Why He’s Here:.387/.457/.710 (12-for-31), 2 HR, 4 2B, 6 RBIs, 7 R, 4 BB, 8 SO
The Scoop:Montero has continued to establish himself as one of the minors’ best young offensive catchers. He’s on a 10-game hitting streak and has been killing the ball for the last month and a half. Interestingly for a righthanded hitter, Montero has been much more tough on righthanded pitchers than on lefthanders. All but one of his 13 home runs this year have come against righthanders, and he’s lighting them up to the tune of a .332/.370/.527 line, as opposed to his .283/.361/.370 line against lefties. Montero’s week was highlighted when he went 4-for-5 with two doubles and a home run against Greenville on Monday, and he’s improved his line for the year to .316/.367/.477 in 430 at-bats.
|No. 12 TYLER FLOWERS, C||BRAVES|
Team: high Class A Myrtle Beach (Carolina)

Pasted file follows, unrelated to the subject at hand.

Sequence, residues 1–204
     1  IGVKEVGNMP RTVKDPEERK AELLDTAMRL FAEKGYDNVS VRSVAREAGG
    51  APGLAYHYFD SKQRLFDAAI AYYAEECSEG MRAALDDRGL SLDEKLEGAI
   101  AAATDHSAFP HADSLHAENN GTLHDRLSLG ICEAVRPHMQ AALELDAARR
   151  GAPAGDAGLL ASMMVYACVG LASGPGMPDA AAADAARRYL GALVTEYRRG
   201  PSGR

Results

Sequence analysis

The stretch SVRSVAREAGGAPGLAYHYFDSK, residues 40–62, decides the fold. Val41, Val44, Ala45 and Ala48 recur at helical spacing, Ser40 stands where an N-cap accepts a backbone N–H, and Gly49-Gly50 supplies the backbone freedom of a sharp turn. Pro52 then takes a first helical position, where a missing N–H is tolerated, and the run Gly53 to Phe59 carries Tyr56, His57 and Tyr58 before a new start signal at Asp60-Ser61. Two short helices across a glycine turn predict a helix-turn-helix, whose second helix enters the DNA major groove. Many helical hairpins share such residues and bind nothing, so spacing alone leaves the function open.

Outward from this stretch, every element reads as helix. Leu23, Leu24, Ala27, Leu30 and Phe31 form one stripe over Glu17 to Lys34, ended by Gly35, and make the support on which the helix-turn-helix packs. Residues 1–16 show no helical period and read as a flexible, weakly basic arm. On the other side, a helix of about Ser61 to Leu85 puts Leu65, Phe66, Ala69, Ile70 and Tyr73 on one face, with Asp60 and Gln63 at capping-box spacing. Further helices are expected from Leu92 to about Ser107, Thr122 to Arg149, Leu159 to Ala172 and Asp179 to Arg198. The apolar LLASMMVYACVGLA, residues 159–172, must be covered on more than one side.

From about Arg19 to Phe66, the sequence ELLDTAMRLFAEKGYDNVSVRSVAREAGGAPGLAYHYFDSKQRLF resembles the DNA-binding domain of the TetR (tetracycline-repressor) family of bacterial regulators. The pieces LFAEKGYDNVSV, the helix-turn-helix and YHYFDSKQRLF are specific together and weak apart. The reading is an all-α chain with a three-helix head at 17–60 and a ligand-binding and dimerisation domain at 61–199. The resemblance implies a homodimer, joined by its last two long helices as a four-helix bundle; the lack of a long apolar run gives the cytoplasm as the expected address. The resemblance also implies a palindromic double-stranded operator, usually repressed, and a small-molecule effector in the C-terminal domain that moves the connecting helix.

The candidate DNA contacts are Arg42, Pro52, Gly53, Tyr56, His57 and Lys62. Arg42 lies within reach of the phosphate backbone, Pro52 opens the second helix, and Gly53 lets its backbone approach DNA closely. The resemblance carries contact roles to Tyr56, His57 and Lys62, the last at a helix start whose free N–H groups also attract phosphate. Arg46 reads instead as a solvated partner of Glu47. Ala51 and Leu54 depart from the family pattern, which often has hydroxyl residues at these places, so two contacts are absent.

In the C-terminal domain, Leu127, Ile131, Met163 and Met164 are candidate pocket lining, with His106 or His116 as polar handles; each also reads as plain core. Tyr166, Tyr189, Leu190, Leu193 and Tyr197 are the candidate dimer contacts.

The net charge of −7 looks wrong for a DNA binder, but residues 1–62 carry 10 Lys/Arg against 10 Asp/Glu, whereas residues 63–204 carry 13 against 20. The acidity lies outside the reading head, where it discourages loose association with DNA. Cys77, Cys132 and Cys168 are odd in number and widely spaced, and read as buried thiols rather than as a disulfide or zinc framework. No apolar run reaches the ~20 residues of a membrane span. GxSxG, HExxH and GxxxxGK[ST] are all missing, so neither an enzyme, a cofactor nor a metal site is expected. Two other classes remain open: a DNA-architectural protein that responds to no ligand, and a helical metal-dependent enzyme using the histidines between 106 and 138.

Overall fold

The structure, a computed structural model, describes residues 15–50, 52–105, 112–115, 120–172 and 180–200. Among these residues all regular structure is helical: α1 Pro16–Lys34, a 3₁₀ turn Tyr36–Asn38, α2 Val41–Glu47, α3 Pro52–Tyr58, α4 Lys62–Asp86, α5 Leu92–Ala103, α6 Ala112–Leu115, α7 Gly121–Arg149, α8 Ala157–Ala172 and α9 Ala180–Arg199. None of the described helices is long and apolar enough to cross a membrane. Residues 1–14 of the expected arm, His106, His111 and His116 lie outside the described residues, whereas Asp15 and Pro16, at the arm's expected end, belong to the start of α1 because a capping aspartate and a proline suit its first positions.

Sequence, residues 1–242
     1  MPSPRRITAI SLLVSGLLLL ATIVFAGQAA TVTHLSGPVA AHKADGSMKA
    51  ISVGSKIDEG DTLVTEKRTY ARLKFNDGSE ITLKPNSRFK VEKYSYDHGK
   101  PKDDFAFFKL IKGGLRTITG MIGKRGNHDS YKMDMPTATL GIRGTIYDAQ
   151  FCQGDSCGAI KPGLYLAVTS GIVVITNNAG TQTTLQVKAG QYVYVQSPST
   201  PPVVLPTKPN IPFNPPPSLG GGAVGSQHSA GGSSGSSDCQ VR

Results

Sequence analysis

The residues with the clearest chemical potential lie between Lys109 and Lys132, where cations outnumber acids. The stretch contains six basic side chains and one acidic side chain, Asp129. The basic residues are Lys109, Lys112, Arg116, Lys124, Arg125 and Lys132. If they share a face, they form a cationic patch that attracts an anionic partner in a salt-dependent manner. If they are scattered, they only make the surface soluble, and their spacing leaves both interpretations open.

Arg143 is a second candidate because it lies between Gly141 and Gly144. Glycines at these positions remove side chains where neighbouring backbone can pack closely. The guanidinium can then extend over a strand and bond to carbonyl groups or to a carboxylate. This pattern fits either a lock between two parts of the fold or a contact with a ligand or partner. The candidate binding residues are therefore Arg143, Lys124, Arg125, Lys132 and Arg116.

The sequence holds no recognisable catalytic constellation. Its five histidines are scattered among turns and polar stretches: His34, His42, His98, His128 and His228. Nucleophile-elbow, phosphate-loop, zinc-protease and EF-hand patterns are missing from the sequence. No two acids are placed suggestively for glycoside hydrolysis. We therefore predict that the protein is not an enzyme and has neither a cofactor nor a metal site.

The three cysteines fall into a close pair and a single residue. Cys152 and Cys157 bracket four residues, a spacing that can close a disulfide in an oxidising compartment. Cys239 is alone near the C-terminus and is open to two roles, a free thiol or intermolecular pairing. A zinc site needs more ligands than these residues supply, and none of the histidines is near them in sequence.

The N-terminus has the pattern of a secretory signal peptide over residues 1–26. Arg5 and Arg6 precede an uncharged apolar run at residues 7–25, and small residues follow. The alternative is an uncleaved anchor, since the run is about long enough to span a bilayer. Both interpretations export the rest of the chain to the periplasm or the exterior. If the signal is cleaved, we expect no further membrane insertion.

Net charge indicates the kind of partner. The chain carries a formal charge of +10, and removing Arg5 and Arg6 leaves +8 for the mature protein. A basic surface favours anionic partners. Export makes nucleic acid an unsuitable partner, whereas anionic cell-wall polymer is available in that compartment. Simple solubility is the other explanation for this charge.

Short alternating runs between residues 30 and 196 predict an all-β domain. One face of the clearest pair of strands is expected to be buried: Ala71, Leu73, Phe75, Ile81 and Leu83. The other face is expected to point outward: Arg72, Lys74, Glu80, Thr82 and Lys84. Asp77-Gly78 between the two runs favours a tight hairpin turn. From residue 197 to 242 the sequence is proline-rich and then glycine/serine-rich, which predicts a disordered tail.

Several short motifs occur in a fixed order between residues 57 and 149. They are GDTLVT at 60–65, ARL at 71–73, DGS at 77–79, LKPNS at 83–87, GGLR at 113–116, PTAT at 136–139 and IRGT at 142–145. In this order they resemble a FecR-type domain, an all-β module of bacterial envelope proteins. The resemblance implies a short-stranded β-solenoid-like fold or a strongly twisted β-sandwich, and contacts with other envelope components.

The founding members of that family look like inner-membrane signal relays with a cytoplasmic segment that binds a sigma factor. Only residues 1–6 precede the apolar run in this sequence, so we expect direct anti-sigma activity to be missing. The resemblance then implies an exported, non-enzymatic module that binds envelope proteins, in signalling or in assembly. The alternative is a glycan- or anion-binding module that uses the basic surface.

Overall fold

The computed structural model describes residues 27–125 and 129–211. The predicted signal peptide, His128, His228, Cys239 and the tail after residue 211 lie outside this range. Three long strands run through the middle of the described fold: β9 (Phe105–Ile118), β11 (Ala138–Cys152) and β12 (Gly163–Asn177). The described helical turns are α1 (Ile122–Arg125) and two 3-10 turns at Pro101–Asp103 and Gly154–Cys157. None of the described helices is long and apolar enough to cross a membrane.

Why He’s Here:.625/.727/1.250 (10-for-16), 5 R, 4 2B, 2 HR, 9 RBIs, 6 BB, 1 IBB, 1 SO
The Scoop:Myrtle Beach has long had a reputation as a power-sapping park, but Flowers has avoided that roadblock this season. He’s steadily gotten better as the season has progressed—and perhaps bringin in the fences has helped. He batted .256/.391/.411 in April and has seen his month-by-month numbers climb. He’s also showing very good plate discipline as he’s been walked 86 times and struck out 85. He’s considered the best receiver in the system behind Clint Sammons, so his offensive production is looking like a nice bonus for the Braves.
|No. 13 BRANDON ERBE, RHP||ORIOLES|
Team: high Class A Frederick (Carolina)